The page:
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Latvian Americans
Amerikas latvie?i
Total population
93,498 (2008 American Community Survey)
Regions with significant populations
California, New York, Illinois, Michigan, Wisconsin, Minnesota
American English, Latvian
Mostly Lutheranism with Roman Catholic minority
Related ethnic groups
Lithuanian Americans, Latvians

Latvian Americans are Americans who are of Latvian ancestry. According to the 2008 American Community Survey, there are 93,498 Americans of full or partial Latvian descent.


The first significant wave of Latvian settlers who immigrated to the United States came in 1888 to Boston. By the end of century, those Latvians immigrants settled primarily in other East Coast and Midwest cities, such as New York City, Philadelphia, Cleveland, and Chicago, as well as coastal cities on the West Coast, such as Seattle, Portland, Los Angeles, and San Francisco. Some immigrants also established themselves in rural areas, but they were few and usually did not form long-lasting communities. Although most Latvians settled in cities, in most of these (with the exception of the Roxbury district of Boston) they lived dispersed and did not form ethnic neighborhoods. The first Lutheran church built by Latvians in the United States was erected in 1906 in Lincoln County, where an agricultural colony had been established in 1897.[1]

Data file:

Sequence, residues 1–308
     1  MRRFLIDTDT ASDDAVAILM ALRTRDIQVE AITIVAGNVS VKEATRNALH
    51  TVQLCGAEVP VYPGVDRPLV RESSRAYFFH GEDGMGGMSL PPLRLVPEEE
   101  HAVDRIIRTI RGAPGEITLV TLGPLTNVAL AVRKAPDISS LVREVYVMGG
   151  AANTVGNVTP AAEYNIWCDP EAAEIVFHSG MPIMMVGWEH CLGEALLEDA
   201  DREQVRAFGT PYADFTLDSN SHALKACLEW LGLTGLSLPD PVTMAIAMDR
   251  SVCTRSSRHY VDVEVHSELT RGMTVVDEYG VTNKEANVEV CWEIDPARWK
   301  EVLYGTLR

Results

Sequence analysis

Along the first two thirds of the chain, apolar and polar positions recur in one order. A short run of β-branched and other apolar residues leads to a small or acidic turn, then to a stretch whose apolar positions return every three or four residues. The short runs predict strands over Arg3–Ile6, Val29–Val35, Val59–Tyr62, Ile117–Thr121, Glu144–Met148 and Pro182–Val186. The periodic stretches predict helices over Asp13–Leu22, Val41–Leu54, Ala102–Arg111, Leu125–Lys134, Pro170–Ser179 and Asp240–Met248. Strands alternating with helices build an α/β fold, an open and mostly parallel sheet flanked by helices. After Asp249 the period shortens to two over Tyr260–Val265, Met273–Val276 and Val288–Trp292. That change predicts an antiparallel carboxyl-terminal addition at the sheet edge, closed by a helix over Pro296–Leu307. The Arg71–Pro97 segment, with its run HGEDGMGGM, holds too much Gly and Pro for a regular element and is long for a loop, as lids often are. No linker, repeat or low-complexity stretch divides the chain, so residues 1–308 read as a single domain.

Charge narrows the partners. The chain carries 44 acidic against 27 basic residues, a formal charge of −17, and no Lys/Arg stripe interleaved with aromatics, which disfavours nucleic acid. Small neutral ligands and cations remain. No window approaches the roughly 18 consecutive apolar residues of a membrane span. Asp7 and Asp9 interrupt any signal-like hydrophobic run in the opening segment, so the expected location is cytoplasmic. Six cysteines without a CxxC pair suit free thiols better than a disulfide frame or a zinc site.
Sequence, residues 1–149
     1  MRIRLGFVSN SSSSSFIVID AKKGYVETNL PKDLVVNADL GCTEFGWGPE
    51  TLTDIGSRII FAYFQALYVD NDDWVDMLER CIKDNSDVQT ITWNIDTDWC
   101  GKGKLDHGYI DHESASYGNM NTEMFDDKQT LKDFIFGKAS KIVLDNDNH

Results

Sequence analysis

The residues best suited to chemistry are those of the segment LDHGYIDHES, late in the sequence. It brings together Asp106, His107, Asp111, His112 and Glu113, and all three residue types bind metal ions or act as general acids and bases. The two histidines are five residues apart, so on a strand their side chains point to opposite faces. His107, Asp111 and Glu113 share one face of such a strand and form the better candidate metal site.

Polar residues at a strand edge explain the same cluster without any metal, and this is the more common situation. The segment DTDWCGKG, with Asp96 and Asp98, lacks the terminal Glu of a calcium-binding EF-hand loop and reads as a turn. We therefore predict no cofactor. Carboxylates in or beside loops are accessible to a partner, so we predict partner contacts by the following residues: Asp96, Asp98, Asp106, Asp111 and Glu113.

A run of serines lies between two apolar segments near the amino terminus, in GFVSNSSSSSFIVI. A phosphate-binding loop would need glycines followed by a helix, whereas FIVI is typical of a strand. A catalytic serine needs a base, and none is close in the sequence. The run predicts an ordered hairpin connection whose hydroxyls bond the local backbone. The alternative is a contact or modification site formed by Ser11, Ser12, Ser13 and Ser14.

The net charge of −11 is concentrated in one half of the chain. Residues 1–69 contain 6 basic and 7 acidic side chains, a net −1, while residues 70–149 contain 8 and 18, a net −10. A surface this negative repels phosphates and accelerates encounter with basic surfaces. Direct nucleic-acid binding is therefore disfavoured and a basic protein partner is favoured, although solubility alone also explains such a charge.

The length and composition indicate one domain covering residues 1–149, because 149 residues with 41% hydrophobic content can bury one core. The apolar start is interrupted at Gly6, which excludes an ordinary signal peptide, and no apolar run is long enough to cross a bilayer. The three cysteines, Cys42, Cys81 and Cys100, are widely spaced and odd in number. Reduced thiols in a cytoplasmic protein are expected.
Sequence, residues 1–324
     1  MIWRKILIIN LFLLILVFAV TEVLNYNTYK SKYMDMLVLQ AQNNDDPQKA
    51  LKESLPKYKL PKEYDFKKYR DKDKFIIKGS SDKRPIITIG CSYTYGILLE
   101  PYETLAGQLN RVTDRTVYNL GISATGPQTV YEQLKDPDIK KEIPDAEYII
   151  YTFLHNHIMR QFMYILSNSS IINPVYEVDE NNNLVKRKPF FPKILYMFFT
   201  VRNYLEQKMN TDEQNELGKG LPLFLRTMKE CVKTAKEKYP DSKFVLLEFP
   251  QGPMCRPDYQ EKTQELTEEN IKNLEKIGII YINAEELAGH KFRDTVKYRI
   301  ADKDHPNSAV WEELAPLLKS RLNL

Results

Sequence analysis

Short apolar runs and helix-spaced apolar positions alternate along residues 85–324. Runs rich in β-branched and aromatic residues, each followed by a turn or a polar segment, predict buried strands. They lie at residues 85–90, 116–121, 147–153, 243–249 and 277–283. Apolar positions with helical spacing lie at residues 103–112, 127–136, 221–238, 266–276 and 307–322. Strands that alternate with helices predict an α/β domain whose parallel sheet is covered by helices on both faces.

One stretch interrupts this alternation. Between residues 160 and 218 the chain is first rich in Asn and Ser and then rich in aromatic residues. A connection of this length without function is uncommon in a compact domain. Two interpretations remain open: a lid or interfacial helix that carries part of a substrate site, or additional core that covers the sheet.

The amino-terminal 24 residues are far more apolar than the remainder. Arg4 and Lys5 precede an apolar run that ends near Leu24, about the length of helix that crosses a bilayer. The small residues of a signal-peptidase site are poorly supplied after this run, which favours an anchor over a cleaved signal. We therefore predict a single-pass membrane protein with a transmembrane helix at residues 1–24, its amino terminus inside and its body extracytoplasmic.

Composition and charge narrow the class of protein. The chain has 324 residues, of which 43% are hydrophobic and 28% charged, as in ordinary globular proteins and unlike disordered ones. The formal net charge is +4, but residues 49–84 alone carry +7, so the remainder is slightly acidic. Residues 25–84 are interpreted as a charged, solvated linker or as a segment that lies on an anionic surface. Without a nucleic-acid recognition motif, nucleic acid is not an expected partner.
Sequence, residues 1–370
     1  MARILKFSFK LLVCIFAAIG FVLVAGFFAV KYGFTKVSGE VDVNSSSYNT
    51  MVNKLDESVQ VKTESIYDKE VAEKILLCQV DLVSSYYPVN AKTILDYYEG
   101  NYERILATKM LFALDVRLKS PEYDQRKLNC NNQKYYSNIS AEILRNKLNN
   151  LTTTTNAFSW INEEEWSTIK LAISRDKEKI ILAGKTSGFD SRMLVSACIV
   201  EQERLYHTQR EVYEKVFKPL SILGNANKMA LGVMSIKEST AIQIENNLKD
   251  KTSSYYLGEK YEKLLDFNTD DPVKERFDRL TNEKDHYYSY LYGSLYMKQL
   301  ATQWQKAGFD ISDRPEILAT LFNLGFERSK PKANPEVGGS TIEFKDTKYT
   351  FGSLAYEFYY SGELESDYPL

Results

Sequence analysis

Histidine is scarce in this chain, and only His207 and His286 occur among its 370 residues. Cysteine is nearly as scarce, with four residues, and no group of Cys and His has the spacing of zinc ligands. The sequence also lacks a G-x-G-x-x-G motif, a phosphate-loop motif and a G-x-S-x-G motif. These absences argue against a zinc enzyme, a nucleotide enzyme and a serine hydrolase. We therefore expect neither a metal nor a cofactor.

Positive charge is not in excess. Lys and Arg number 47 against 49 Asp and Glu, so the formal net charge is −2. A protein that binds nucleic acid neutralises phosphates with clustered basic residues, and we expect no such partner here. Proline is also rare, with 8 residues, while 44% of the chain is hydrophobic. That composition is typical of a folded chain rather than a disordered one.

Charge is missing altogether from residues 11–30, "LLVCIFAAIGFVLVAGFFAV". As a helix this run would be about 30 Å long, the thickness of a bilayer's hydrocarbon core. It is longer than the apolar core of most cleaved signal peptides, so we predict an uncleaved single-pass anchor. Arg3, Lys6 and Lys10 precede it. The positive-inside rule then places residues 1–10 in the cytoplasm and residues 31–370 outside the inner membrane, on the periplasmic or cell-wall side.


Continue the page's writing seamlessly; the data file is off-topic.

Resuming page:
A new wave of Latvian immigration began around 1906, after the failure of the 1905 Russian Revolution. Many of these immigrants were political leaders and rank-and-file revolutionaries who could be killed by Russian soldiers if they were discovered, so they decided to emigrate and continue the revolutionary movement in other countries. Most of the Latvian revolutionaries were more politically radical than the earlier immigrants to the United States, which increased friction in a number of communities.

In 1917, many Latvian revolutionaries went back to their homeland to work for the creation of a Bolshevik government, and in 1918, when Latvia declared its independence, some nationalists also returned.

After the First World War, the promise of economic improvements in the newly independent nation, immigration quotas established in 1924 by the United States, and the Great Depression all contributed to slow emigration from Latvia.

Toward the end of World War II, tens of thousands Latvians fled from advancing Soviet troops to Western Europe and moved into Displaced Persons camps. About half were eventually repatriated to Latvia, but the rest resettled to Germany, England, Australia, Canada, the United States and other countries. From 1949 to 1951, 40,000 Latvians immigrated to the United States with the help of the U.S. government and various social service and religious organizations. Although many of these refugees had been professionals in their country, in the United States they often had jobs as farmhands, custodians, or builders until they could find better paying jobs.